The expression, “doan kay damn”, for instance, meaningless to outsiders, immediately describes a trait to the Guyanese listener, as does the word “ruction”. When we ask somebody in a crowded place to “dress down” we had better be sure he/she is not a foreigner as to that person it would sound like an insult. I know that to be true, because I got that reaction when I made that request on the subway in Canada, and I ended up apologizing to the lady and explaining.

Similarly, our expression “mek yuhself small”: dialect speakers hear it differently from other folks and each country in the region has its own verbiage. Of course, many of them can be humourous – “reverse back” for instance, or puzzling, like “boxes” which means “something extra” here but Jamaicans don’t know that word; they say “brawta”, same meaning. Dialects in the Caribbean all carry these wonderful variations. In Trinidad, something weak or having no impact, is “paypsy” whereas Guyanese may say “wash out”. We say “bradar” for some kind of expansive or boasting behaviour; Jamaicans say that person is “talawah” – that’s the name they gave their T20 team. Both Guyanese and Trinis say “reverse back”, but only in St. Vincent will you hear the word “treetree” referring to the tiny fish in their rivers.

I hope there is a book someday in this country for all these wonderful expressions and unique words we use without thinking. A classic example was the legendary Forbes Burnham. On one occasion, speaking at a street rally before a big crowd in Georgetown, he paused after a sentence, and in the following silence, a man riding by on a bicycle, shouted out “Burnham”. Without hesitation, LFSB leaned into the microphone and said, “Mister Burnham to you, boy. You have no broughtupcy.” A non-Guyanese in the audience would have had to turn and ask, “Broughtupcy? What’s that?” Speaking outside the country, the President would have answered differently. In the homeland he was talking to the home folks in their own parlance. The dialect lexicon; in its place, it is king.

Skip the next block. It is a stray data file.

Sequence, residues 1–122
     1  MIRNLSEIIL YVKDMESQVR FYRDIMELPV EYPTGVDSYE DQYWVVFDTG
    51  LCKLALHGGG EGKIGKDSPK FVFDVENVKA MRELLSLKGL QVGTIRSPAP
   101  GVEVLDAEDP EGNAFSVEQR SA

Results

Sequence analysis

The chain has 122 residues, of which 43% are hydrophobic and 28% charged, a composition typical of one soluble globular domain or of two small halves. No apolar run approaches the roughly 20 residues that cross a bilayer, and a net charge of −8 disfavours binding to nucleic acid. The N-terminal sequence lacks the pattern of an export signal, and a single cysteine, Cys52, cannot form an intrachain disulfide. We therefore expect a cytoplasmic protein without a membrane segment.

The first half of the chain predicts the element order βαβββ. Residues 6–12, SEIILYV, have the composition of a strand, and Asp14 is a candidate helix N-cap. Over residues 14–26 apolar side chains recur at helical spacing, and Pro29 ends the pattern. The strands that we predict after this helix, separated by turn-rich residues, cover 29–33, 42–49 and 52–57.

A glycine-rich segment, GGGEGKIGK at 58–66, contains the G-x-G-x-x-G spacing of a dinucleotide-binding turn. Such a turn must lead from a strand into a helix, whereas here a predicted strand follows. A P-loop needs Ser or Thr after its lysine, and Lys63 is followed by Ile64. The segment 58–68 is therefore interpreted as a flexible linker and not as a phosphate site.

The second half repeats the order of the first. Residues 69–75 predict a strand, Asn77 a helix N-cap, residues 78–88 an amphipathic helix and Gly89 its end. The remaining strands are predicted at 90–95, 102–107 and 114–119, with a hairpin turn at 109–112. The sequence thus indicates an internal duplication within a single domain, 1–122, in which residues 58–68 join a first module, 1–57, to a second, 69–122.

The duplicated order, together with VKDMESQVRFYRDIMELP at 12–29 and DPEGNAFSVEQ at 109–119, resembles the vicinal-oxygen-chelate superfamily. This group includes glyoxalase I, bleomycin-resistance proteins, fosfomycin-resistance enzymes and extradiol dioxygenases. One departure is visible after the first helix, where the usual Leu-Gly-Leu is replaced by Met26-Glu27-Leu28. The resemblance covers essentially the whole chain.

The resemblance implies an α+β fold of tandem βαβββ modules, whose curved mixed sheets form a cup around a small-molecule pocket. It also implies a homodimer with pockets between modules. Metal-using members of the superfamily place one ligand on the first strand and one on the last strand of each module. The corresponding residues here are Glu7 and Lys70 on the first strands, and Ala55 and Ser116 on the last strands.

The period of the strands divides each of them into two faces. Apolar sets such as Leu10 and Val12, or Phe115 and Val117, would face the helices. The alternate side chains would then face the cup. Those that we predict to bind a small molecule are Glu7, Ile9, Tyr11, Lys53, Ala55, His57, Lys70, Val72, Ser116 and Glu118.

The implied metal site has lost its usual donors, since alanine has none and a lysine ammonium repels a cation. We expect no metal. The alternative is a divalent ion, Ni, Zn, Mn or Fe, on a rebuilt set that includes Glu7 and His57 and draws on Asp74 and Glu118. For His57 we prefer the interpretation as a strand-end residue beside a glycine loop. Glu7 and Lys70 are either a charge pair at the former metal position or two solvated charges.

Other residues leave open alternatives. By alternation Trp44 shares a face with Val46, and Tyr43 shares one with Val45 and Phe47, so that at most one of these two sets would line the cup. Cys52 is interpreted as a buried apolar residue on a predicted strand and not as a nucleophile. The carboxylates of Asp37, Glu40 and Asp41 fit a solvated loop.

Video: THE TRADEWINDS – Copycats

Video: THE TRADEWINDS – Boyhood Days

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Comments

  • walter  On February 9, 2019 at 11:23 am

    When I started working for a large American manufacturing Company in Canada, part of my job required me communicating with the engineers in Chicago. I would of course slip into my Guyanese dialect, and get lots of “Hold on did not catch that” initially. Of course after a time they would start using some of the terms and I finally pointed it out to them. They admitted getting used to the efficiency of the abbreviation. I never lost mine, though sometimes in mixed company, my kids would have to “rein” me in. Very good read, Dave still got it.

  • Trevor  On February 9, 2019 at 2:12 pm

    Tradewinds man you oughta protect the copyright of your works before the half-Jew hip hop artists from Canada appropriate your work and make millions.

    Funny how you mentioned that it was a shame to speak Creolese in the Eurocentric countries, but since every Hip Hop man is jumping the Jamaican bandwagon, even the 8 years suburban middle class white girl wants to emulate Jamaican accents.

    BTW we Guyanese speak more similarly to French speaking Trinis and Surinamese, but borrowing Jamaican slang and using it as our own. Jamaicans have a louder and more clearer voice than us who speak almost similar to Londoners and Holland people combined. We also join words together to make compound words, just as the Germans, words such as “bottomhouse”, etc.

    Our accent isn’t different compared to Surinamese and French Guianese, except for Language.

  • Trevor  On February 9, 2019 at 2:15 pm

    Berbice has a clearer history of African slaves using their native African languages and Dutch to form what is now an extinct language, Berbice Dutch creolese. They don’t teach this in schools, but emulate America’s social ills,

  • Trevor  On February 9, 2019 at 2:17 pm

    Hey, Dutch man and (((Rod Henson))) of Exxon-Mobil, remember this? My ancestors would have confronted your ancestors for treating us like animals in your Jewish owned plantations: